Life Wellbeing How food before bed could be harming you
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How food before bed could be harming you

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Stop! Close the fridge. A new study has found that eating just before bed can increase the risk of breast cancer recurrence.

Adding to an already strong case against late-night snacks, a study led by scientists from the University of San Diego found eating before bed gave women a 36 per cent greater chance of redeveloping tumours.

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The scientists argue waiting less than 13 hours before breakfast increased tumour risk, although it didn’t increase the risk of death among the 2000 participants.

And while this latest study focused on breast cancer survivors only, a 2015 study linked both breast cancer and diabetes to eating before bed, based on increased haemoglobin and blood sugar levels.

Dr Kristy Brown is investigating the link between obesity and breast cancer. Photo: Supplied
Dr Kristy Brown is investigating the link between obesity and breast cancer. Photo: Supplied

Dr Sarah Hosking, CEO of the National Breast Cancer Foundation (NBCF), said “studies such as this are part of a growing body of evidence that maintaining a healthy lifestyle before, during and after breast cancer diagnosis and treatment plays an integral role in how women and men are affected by the disease”.

Mounting case links obesity and breast cancer

Dr Hosking said the NBCF had just announced the link between obesity and breast cancer as one of the research areas it was funding for 2016.

The study will be led by Dr Kristy Brown from the Hudson Institute of Medical Research in Melbourne, who said Australians were unfortunately not aware of the link.

“The link is especially strong in women who have undergone menopause,” she said.

“In those cases, most breast cancers are dependent on the hormone estrogen to grow.”

The study, funded in part thanks to the Mother’s Day Classic fun run and walk, will also look into how we can prevent the growth of tumours using a special protein called ‘ghrelin’, produced in the gut.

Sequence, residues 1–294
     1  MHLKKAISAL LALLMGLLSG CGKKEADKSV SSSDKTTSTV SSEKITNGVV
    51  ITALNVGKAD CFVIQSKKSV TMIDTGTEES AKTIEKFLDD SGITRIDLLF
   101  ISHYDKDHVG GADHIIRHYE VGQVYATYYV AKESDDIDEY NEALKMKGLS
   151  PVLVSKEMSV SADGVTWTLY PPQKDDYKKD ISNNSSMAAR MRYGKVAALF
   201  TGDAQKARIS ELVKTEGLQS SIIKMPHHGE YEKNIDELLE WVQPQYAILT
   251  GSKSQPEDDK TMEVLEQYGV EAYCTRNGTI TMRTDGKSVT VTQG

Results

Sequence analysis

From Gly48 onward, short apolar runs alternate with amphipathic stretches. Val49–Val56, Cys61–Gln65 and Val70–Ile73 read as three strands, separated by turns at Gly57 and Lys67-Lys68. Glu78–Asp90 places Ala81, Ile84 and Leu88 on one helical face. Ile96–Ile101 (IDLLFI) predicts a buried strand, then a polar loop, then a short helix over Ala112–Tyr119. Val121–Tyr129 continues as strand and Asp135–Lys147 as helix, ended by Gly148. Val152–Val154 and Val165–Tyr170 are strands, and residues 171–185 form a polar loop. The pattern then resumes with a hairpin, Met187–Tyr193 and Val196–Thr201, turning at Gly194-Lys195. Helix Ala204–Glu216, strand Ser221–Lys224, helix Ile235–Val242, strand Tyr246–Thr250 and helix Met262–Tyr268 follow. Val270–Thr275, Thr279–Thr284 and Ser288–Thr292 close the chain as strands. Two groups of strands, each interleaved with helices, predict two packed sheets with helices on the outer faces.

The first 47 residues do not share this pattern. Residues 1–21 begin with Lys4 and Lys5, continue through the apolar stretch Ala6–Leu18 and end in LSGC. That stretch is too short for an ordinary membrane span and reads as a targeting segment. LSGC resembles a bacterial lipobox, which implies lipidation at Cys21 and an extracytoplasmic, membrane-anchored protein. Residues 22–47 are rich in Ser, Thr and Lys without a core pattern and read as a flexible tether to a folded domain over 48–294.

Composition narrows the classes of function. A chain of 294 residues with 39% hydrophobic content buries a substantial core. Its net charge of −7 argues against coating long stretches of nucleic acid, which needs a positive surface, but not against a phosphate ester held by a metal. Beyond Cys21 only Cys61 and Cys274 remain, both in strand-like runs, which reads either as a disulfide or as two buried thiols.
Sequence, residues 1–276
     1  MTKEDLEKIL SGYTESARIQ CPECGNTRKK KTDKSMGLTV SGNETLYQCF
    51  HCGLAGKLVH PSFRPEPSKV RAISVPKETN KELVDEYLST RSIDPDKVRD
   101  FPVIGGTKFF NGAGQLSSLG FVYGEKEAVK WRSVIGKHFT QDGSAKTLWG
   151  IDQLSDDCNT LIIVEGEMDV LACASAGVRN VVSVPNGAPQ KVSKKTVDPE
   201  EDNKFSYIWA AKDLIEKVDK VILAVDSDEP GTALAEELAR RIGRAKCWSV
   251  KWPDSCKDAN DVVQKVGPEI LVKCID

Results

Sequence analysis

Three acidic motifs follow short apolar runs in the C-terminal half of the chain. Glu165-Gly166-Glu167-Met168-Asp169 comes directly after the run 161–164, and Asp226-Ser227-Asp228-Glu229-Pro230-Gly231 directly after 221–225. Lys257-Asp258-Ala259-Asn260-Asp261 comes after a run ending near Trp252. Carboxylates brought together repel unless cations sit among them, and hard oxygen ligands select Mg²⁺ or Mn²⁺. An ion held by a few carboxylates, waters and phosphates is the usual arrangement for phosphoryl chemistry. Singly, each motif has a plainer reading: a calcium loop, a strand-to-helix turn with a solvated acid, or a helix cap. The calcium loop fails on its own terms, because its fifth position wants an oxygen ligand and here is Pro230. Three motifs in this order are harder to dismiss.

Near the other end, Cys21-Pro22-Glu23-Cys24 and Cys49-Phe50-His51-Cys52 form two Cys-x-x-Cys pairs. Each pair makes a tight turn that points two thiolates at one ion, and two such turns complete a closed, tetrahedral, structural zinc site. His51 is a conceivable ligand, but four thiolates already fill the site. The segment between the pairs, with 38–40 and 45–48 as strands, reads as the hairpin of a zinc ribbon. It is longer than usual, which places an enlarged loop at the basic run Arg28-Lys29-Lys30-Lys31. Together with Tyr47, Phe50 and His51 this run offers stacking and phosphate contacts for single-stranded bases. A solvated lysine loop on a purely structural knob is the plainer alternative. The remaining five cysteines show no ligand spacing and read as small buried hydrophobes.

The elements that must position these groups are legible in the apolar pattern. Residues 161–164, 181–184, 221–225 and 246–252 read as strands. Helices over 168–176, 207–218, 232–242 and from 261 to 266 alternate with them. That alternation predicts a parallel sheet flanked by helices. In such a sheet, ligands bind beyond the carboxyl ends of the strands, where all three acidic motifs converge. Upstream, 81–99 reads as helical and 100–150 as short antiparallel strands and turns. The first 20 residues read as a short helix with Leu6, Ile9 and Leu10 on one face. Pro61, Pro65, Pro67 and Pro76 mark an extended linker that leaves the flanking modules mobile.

Researchers said fasting for longer overnight was an easy change to make. Photo: Getty/Supplied
Researchers said fasting for longer overnight was an easy change to make. Photo: Getty/Supplied

It’s just one of a number of studies to investigate how being overweight or obese – like two-thirds of Australian women – can lead to various cancers.

In fact, the Cancer Council claims there is strong evidence that the extra kilos are risk factors for bowel, kidney, liver, pancreas, gallbladder, oesophagus, endometrium, ovary, breast (in postmenopausal women) and prostate (advanced) cancers.

Staying in shape

While obesity is defined as a body mass index (BMI) of over 30, studies have shown our waist size is another important number to keep an eye on.

Physical activity naturally drops off as we get older, but there are suitable exercises for every age group, and experts say it’s important to keep moving.

As for our diets, studies have shown eating before bed can not only lead to increased risk for breast cancer recurrence, but weight gain – pure and simple.

Research surrounding what we eat and when we eat it continues, but in the meantime it appears ‘break-fast’ gained its name for a reason.


Neither the Mother’s Day Classic nor the National Breast Cancer Foundation are affiliated with the above research concerning eating before bedtime.

The New Daily is a media partner of the Women in Super Mother’s Day Classic, which takes place in 100 locations around Australia on Sunday May 8, raising money for the National Breast Cancer Foundation to help fund breast cancer research.

It’s not too late to take place in this year’s event. Register or donate at www.mothersdayclassic.com.au.

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